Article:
by Vivian Vande Velde
Recommended Age: 14+
Alys is the daughter of a village tinsmith, who is too poor to afford an apprentice, and too ill to do his work alone. So Alys violates the social norms of her society by learning to make tin buttons for her father. She is guilty of no more than that. But one day a covetous neighbor levels a wicked accusation against Alys, and a sleazy inquisitor condemns her as a witch. Abandoned by her friends, having watched her father die of heartbreak, Alys suddenly finds herself lashed to a pole waiting for a dragon to claim her as a sacrifice.
So, it’s not a very good day for Alys.
But then the dragon comes, and he turns out to be young by dragon standards. In his human form, he appears as a gorgeous, seventeen-year-old boy. And instead of eating Alys right off, Selendrile offers her a chance to take revenge on the people who destroyed her life.
And so, paired with an ally she neither understands nor trusts, Alys seeks out the inquisitor and the witnesses who lied about her. What comes next is a suspenseful tale of danger – the danger not only of losing her life, but of losing her soul – as well as friendship, redemption, and forgiveness. It is one of those interesting, new-fashioned fairy tales in which you are gripped by concern for the heroine; and in which you are more concerned whether she will turn out to be a good person than whether she will survive the tale. Prepare for some surprises!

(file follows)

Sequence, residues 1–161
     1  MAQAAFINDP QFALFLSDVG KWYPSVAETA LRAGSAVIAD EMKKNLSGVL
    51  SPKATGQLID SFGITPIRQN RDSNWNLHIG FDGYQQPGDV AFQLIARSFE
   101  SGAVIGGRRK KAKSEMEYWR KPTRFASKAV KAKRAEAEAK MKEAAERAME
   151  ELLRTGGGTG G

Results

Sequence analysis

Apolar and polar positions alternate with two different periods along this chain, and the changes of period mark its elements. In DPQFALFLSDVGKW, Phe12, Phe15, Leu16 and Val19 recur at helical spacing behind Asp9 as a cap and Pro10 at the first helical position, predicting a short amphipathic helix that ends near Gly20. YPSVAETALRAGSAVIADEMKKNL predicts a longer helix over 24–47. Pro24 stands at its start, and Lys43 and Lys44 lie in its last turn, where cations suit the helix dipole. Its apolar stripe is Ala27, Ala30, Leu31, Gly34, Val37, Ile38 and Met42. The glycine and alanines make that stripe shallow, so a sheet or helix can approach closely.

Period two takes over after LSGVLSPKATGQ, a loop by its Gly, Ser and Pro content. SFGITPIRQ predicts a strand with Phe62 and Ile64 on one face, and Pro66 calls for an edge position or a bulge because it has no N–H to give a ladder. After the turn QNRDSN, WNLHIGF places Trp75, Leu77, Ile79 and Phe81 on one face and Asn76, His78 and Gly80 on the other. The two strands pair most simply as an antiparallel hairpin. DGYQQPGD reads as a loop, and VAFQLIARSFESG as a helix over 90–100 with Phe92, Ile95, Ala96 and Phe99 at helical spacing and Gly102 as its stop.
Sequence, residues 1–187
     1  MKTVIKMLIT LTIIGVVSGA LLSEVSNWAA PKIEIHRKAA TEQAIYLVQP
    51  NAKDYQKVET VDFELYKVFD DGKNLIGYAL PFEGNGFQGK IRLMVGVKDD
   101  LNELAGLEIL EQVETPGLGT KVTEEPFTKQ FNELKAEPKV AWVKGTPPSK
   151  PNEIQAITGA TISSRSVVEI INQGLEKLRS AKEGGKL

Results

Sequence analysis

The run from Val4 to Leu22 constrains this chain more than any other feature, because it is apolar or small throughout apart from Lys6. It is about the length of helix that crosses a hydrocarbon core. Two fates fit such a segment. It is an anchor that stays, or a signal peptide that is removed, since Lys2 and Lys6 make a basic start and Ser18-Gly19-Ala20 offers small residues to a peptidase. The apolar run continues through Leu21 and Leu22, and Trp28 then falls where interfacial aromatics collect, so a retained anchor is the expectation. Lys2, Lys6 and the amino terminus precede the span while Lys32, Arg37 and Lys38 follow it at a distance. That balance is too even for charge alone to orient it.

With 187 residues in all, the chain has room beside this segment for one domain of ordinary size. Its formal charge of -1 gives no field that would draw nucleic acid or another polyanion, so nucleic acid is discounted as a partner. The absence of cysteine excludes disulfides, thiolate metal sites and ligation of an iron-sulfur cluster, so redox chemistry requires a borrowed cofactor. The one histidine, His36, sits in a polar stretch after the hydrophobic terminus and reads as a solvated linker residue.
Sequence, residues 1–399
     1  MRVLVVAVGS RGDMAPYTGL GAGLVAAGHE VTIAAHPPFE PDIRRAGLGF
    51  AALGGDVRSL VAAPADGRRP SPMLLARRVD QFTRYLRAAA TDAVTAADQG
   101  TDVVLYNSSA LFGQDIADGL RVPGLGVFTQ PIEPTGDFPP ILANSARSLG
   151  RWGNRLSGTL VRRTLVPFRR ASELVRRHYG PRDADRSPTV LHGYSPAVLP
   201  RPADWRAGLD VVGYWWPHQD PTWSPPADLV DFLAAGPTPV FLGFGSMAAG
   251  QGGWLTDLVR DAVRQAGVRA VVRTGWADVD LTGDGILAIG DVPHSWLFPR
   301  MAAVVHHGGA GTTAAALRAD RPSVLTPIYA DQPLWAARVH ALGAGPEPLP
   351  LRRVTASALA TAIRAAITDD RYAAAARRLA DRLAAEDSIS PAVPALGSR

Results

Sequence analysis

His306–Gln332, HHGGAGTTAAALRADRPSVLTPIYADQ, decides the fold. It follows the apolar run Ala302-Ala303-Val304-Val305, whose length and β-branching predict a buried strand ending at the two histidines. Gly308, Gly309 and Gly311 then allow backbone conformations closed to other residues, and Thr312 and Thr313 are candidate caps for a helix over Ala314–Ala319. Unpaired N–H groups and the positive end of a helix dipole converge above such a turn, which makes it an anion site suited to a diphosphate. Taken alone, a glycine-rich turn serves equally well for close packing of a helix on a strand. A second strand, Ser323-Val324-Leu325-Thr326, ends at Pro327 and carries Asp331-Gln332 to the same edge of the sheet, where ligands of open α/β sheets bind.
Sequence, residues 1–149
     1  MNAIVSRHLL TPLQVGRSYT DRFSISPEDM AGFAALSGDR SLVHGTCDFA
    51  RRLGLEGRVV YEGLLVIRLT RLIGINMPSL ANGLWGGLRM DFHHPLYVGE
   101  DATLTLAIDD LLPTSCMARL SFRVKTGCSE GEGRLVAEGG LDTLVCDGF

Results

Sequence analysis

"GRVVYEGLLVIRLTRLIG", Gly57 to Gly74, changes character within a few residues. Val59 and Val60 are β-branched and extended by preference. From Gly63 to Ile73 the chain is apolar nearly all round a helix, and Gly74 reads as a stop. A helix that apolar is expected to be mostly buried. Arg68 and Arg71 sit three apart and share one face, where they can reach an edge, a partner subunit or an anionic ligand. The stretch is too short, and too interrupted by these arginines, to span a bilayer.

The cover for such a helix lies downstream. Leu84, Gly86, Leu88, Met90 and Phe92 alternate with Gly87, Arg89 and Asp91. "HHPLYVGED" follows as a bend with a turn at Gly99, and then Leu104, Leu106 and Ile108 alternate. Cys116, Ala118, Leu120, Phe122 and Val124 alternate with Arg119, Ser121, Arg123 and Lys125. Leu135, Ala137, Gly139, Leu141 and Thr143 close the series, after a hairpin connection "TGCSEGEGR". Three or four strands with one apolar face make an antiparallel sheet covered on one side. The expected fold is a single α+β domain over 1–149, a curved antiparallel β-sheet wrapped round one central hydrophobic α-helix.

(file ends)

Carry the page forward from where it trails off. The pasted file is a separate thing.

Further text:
Wizard at Work
by Vivian Vande Velde
Recommended Age: 10+
From the author of such magical titles as The Rumpelstiltskin Problem, A Well-Timed Enchantment, A Hidden Magic, and Tales from the Brothers Grimm and the Sisters Weird, comes this quick little novel-in-the-form-of-short-stories about an unnamed, young Wizard who runs a school for young wizards, disguised as a bearded ancient. He reverts to his youthful form during the summer holidays, when he wants to putter in his garden, go fishing, and do little projects around his tower home, but people will keep coming around asking for wizardly favors. And a witch may or may not have put a curse on the Wizard: he will not find true happiness until he learns to see beyond appearances.
And so a succession of cracked fairy tales follows, in which the wizard learns a lot about seeing beyond appearances. A beautiful princess begs the Wizard to break a ridiculous but nasty curse. A plague of rebellious, yearling unicorns has to be stopped before things really get out of hand. A too-honest magical mirror, a dragon, and a princess who refuses to be rescued, combine in one squirm-inducing lesson in seeing beyond skin-deep. A castle needs to be rid of a dripping, inhuman ghost. And finally, the Wizard devises a quest to make a man worthy of the hand of a tomboyish princess-a quest involving a dwarf king's magic cucumbers.
The stories go by swiftly, but they are full of charm and laugh-aloud humor, spirited adventure, and the logic of mini-mysteries. They are also very instructive, as well as bracingly un-romantic. Sort of a tonic to the worst effects of having fairy tales on the brain.
EDIT: Vande Velde has written over 30 books, many of them with titles that interest me. Heir Apparent is already on my "getting around to it" shelf.